How to Add Calcium to Soil?

One secondary nutrient is calcium. Calcium is necessary for the health and development of plants. More calcium isn’t necessarily a good thing. Too much calcium may result in a pH that is too low. This may have an impact on macronutrient uptake from other fertilizers.

Professional soil testing may help you identify whether your soil needs calcium. This is not the same as a pH test you can do at home. A professional soil test can evaluate your soil’s calcium and pH levels. Professional soil tests, such as those provided by the state Cooperative Extension, can determine how much fertilizer to give to the soil.

Remember that calcium passes through growing plants with water from the root tips up through transpiration. Proper watering is critical. Calcium will stay in its targets, such as new tissue or tips after it has arrived.

How to Add Calcium to Your Soil?

Calcium levels in soil may not reflect how much calcium plants can really absorb.

Cation Exchange Capacity (CEC) is an important concept in calcium absorption. Cation Exchange Capacity (CEC) is an important concept in soil calcium absorption. It may be thought of as the soil’s holding tank for plant nutrients like magnesium and calcium. CCEC assesses the soil’s capacity to absorb and retain a certain nutrient. Positively charged ions or cations are examples of this. The capacity of your plants to absorb and keep calcium is closely related to CEC. What are you going to do if they don’t? It is also related to the pH of your soil. Calcium is more common in soils with higher pH values.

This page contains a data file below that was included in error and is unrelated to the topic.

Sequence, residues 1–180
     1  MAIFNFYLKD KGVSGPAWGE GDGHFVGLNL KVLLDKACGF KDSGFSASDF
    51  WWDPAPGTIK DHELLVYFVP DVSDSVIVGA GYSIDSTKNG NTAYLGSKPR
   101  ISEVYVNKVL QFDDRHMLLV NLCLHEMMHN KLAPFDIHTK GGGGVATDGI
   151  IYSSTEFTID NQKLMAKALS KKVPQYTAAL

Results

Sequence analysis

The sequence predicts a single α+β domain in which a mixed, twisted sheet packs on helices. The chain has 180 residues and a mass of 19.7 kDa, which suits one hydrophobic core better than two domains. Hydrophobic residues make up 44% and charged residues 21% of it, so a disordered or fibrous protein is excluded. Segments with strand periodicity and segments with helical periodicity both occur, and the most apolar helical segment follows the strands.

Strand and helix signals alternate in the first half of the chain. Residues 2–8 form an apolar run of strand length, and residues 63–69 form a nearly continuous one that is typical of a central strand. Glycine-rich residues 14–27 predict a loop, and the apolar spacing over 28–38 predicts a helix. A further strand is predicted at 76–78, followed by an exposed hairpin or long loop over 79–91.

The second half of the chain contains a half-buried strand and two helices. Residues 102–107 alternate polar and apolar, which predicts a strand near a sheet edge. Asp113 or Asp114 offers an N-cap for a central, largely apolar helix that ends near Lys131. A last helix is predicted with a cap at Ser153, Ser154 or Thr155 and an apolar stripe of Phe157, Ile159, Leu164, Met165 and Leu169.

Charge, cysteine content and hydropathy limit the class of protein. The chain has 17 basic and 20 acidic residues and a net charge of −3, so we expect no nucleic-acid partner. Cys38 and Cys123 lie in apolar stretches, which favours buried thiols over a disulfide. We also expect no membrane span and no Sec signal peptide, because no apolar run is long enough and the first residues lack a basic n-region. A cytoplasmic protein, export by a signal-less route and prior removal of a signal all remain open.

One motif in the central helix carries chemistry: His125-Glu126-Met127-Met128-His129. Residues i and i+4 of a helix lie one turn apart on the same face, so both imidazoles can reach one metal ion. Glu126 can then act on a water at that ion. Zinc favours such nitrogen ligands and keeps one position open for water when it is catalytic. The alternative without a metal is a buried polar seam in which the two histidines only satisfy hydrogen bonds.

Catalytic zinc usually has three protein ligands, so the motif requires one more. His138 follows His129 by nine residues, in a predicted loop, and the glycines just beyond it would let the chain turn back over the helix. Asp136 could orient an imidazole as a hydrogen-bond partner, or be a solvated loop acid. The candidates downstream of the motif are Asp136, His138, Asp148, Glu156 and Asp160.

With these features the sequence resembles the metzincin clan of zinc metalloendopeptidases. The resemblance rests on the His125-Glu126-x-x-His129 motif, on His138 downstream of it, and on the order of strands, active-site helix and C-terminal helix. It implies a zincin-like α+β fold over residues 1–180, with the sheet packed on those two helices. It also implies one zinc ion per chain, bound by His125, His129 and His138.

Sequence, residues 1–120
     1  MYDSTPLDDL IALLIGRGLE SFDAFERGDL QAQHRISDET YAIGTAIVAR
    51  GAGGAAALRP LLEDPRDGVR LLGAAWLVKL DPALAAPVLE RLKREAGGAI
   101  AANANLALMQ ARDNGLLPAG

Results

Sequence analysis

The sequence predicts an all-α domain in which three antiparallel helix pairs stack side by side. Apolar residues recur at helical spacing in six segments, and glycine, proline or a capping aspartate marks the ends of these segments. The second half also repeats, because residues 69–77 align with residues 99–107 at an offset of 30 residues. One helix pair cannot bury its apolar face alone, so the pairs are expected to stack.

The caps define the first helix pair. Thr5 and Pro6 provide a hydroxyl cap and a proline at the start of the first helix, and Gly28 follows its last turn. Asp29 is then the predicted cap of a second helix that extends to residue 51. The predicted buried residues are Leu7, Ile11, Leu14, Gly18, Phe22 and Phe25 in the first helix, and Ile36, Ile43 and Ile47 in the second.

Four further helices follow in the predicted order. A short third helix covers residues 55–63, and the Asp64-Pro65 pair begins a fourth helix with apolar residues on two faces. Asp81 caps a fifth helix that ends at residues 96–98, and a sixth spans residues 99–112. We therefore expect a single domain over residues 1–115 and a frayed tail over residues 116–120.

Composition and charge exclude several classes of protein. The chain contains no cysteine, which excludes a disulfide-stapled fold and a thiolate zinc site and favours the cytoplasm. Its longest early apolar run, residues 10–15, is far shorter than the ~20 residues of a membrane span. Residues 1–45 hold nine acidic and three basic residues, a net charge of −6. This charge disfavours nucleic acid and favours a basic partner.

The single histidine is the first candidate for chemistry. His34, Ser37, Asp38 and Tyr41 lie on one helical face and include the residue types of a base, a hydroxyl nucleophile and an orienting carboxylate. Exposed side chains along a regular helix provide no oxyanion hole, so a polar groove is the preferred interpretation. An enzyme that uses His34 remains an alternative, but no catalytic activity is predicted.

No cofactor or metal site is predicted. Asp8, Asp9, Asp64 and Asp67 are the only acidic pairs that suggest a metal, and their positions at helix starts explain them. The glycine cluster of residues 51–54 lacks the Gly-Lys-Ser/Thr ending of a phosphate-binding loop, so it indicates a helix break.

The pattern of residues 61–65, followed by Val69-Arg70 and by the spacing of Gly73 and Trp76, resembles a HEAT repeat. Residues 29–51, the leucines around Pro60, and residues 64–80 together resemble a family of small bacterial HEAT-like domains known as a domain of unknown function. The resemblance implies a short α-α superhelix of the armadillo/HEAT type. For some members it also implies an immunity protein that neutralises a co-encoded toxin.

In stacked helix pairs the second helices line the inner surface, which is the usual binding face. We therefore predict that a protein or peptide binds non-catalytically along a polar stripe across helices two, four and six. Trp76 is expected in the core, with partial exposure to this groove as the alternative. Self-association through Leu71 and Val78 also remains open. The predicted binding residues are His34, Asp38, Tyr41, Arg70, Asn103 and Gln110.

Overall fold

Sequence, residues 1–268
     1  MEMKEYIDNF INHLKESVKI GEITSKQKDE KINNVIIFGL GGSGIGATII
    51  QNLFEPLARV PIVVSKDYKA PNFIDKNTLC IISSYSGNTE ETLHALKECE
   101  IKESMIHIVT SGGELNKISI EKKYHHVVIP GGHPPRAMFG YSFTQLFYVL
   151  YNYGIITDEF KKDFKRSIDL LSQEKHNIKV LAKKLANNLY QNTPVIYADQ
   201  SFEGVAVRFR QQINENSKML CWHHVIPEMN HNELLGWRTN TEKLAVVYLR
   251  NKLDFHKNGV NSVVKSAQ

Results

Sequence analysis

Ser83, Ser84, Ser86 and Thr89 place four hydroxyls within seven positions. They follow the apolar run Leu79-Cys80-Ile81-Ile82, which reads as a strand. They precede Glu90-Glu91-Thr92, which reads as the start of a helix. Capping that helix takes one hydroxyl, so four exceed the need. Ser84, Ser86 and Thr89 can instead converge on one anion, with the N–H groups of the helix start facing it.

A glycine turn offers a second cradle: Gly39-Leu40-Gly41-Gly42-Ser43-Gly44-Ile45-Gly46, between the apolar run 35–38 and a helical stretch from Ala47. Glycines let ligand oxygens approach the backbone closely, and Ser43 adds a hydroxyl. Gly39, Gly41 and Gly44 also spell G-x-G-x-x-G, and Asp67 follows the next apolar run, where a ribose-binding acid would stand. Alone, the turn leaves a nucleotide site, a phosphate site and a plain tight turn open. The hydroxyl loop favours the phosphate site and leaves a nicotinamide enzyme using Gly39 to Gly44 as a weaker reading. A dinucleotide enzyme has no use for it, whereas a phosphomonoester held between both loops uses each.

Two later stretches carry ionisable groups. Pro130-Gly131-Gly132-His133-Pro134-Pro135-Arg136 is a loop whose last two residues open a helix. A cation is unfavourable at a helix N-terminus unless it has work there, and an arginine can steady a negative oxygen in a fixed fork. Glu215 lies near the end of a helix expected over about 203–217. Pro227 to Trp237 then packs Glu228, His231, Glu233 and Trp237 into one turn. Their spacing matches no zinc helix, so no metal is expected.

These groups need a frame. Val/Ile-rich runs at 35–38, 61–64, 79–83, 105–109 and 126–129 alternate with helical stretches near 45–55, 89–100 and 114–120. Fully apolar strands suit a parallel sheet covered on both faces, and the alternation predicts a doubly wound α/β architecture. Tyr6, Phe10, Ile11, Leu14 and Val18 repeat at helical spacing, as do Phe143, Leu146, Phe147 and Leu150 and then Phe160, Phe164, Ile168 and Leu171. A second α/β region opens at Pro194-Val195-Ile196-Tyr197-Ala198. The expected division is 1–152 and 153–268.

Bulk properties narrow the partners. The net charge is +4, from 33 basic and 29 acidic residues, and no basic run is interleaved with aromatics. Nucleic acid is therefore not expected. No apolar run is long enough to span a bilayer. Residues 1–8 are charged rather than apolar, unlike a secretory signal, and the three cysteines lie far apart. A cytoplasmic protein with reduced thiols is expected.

A professional soil test may be used to determine CEC. CEC shows that your soil has a higher organic matter content than clay. Clay soil holds more water than sandy soil. Sandy soil has a reduced CEC, which implies nutrients may be less accessible since they drain more quickly from the soil.

Symptoms of Calcium Deficiency

While soil testing is the most accurate technique to determine whether your soil is lacking in calcium, there are other symptoms that may signal a calcium deficiency in plants.

Stunted or weak growth, curled leaves or shoots (or scorching or spotting on them), inhibited root growth, stunted and dead tips, cupping of mature leaf leaves, chlorosis, yellowing of leaves, burnt leaf tips, and fruit injuries such as bloom end rot on tomatoes or bitter pits on apples are all signs of calcium deficiencies.

Fertilizers containing calcium

There are several calcium sources. There are several liquid lime fertilizer supplements available. What you need to do and how frequently you should do it will be determined by the pH of your soil and the crops you are growing.

Foliar Spray (Calcium Acetate, Calcium Nitrate, Calcium Chloride) the most efficient technique to treat acute calcium insufficiency is using foliar calcium sprays for sale. Leaves absorb nutrients more quickly than roots. It is used to treat root issues in container plants, such as transplants and seedlings. Foliar sprays have little effect on the soil. They should be regarded as a supplement to good soil nourishment.

Lime Dolomite

Dolomitic lime is a good calcium source for soils. It also includes magnesium carbonate, which may be used to raise pH levels in soils deficient in magnesium. If the soil test reveals that the magnesium levels in your soil are already high, another calcium product should be applied.